Jalapeno, Habenaro are a bit smaller plants, but I don't think two would work so well in my containers, they still take up all of the space. They get so wide, I just couldn't see it. I feed them with 4-18-38, CaNO3, and MgSO4.
I am certainly not a pepper expert, but that is where I am with it up to this point.
So how often did you feed the in the containers?
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Old January 12, 2017   #12
AKmark
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I feed them every day sometimes twice when they are full size and loaded with peppers.
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Old January 13, 2017   #13
rhines81
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Quote:
Originally Posted by old_drummer View Post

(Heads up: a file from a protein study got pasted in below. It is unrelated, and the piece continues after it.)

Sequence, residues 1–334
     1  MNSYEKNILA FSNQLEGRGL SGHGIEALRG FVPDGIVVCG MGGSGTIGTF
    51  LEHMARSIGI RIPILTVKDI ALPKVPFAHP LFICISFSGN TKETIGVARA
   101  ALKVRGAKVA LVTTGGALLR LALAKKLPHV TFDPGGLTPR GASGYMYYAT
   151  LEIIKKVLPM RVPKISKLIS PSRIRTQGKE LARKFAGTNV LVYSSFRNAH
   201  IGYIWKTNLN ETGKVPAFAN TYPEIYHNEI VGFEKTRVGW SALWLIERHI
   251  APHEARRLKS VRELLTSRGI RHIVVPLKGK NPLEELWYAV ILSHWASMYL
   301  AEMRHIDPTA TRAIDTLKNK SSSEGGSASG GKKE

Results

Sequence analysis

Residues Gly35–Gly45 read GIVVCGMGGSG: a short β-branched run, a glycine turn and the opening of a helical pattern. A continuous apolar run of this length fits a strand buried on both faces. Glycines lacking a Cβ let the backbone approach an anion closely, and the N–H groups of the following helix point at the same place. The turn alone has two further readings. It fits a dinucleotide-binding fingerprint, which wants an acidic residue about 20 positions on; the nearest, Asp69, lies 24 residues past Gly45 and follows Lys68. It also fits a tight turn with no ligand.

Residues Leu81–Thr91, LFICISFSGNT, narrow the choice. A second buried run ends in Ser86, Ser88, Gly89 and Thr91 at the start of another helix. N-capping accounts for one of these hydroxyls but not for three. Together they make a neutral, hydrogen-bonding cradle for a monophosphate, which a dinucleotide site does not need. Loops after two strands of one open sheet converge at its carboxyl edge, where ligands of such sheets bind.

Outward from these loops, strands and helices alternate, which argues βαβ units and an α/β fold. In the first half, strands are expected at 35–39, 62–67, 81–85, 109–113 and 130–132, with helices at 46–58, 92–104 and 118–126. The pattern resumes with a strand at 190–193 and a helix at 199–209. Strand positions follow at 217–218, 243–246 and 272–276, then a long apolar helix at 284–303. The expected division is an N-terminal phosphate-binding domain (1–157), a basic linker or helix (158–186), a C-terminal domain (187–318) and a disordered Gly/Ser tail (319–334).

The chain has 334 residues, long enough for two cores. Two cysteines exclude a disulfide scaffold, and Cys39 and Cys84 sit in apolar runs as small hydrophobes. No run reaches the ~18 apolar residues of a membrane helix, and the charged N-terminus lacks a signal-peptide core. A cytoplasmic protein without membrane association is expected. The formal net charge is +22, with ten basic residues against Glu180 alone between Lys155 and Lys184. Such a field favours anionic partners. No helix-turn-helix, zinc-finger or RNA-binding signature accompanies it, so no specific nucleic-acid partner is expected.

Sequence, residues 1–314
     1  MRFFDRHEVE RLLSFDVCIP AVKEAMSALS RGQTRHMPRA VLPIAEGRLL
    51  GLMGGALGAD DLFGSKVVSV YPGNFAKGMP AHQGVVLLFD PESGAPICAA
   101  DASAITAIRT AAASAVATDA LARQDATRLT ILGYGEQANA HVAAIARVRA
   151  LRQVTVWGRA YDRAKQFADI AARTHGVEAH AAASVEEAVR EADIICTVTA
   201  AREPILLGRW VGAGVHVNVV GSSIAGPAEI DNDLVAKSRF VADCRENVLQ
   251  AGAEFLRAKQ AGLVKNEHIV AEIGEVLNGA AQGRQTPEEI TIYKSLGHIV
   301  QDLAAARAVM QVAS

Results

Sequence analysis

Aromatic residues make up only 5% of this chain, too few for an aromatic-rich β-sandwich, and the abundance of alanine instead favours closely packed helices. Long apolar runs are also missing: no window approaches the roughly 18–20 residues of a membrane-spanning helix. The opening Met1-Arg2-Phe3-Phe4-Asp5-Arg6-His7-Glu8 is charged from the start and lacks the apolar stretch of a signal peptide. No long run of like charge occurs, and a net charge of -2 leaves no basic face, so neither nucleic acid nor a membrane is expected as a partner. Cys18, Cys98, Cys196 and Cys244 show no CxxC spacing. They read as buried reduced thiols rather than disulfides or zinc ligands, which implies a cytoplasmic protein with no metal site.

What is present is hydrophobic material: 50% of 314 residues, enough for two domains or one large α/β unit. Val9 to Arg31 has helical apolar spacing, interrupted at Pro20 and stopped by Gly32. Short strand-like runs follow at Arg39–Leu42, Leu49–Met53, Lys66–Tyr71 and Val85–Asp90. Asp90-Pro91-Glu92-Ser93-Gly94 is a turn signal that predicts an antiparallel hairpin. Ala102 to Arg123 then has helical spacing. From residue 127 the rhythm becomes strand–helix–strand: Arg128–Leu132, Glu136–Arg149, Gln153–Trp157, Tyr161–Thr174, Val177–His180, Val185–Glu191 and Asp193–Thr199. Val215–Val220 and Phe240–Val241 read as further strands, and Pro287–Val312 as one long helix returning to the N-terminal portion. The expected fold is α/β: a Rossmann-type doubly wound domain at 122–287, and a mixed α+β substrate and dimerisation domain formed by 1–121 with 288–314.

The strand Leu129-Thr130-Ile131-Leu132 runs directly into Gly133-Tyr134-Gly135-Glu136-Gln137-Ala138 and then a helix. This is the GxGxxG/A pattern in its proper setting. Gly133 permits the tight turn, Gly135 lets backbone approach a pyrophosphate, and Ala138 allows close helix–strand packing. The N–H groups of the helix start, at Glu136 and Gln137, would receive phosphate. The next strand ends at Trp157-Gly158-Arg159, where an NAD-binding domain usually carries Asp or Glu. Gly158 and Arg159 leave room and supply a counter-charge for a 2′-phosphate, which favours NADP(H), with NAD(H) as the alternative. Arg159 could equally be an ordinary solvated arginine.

Some on the net search say yes, others no.
I think you have the same mix of opinions in here, so maybe try it both ways this year and come to your own conclusion

I think everyone does agree that peppers can definitely be grown in a 5 gallon bucket.
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Old January 13, 2017   #14
dmforcier
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Two in a bucket? Yes, it's possible. But to what end? Both sets will grow to what the bucket can provide for, meaning that each of the twinned plant will grow smaller and less productive (unless they're a very small variety). Since they will hit the limit earlier than a single plant, they will produce fruit earlier, but is that a consideration?
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Old January 13, 2017   #15
KarenO
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in a shorter season such as yours and growing outdoors you most likely don't need to worry about your plants getting too big.